Matthew Addis

Matthew Addis

Last updated on 30 November 2017

Matthew Addis is Chief Technology Officer for Arkivum

This blog post is both a demonstration of how to extensively torture a metaphor if you try hard enough, which I'm certainly want to do from time to time, and a look at some of the serious issues of digital preservation at an industrial scale outside of memory institutions. 

The metaphor is washing machines, the industrial application is research data preservation, and the answer, perhaps paradoxically, is to choose to do less for more.

Addis 1aI've been involved for over 2 years now with the Jisc Research Data Shared Service (RDSS).  This has the ambitious and laudable goal of providing a national Shared Service for Research Data Management to Higher Education Institutions (HEIs) in the UK, including the deposit, storage, publication and preservation of a wide range of digital research outputs. 

Just to give some scale to the problem, research in the UK by HEIs is funded to the tune of £6Bn per year, which supports some 91,000 researchers and academics across 220 institutions who produce a vast amount and variety of data that totals the thick end of 500PB.  However, only 1-2% of that budget currently goes into long-term curation, preservation and access to this data.  Even when including high-impact national and international services for research data such as the EBI or the UKDS, custodians of research data are outnumbered 500:1 by those who create the data in the first place.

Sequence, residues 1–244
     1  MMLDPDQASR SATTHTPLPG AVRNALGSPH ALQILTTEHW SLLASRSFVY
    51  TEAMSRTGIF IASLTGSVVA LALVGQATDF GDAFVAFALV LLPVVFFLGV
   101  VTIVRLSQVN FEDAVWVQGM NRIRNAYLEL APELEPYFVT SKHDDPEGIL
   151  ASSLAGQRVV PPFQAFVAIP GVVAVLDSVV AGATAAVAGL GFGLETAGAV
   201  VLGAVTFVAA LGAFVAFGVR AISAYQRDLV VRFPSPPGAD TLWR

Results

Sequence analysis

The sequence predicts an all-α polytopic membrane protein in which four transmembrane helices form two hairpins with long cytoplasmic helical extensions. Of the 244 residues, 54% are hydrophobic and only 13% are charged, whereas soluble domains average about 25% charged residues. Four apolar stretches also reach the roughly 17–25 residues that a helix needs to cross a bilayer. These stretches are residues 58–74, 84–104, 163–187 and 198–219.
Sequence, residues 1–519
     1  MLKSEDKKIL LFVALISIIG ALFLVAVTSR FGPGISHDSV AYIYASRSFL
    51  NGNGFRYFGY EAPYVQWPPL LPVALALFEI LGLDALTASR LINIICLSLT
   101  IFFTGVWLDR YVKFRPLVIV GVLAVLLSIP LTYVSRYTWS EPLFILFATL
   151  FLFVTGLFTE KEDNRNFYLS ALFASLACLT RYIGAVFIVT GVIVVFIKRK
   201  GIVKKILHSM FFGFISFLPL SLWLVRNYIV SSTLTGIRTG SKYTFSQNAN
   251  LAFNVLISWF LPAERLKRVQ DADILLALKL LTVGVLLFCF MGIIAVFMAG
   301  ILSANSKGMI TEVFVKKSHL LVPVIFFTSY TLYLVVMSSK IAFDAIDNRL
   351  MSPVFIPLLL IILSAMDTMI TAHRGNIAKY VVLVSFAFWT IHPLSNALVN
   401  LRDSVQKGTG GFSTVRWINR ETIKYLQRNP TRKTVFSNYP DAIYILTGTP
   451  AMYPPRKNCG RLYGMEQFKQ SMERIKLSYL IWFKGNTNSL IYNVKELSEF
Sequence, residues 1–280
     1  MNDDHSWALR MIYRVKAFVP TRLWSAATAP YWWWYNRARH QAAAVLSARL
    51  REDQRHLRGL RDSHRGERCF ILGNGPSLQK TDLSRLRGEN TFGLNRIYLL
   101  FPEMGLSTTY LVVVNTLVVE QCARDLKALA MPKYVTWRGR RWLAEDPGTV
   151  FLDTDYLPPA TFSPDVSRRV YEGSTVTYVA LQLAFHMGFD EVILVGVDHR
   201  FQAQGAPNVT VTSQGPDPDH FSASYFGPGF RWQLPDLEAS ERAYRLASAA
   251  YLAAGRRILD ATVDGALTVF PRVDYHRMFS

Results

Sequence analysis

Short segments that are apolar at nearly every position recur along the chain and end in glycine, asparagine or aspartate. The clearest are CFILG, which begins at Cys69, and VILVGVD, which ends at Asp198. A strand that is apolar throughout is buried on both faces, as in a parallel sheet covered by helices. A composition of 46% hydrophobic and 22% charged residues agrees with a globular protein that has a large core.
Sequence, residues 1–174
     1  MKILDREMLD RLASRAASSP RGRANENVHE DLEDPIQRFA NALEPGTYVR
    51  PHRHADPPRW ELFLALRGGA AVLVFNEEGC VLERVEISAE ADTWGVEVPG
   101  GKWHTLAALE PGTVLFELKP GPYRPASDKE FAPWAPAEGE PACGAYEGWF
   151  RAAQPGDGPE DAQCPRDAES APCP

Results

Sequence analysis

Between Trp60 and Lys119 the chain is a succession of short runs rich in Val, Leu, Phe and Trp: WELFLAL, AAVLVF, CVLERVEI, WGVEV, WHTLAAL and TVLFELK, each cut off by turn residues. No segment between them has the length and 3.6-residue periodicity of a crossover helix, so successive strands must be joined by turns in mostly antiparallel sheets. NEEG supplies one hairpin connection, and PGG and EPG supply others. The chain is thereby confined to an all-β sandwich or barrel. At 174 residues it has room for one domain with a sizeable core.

If there's no national facility available, the responsibility for safeguarding and making research data available to the community often falls to a small team of just one or two people in an institution, often in the library.  Here the story of digital preservation is a familiar one.  There's not enough staff, they don't have the right skills, they struggle with the business cases for preservation, they find it difficult to engage researchers in the preservation process, and they don't have the budget to build the capacity to deal with research data at scale.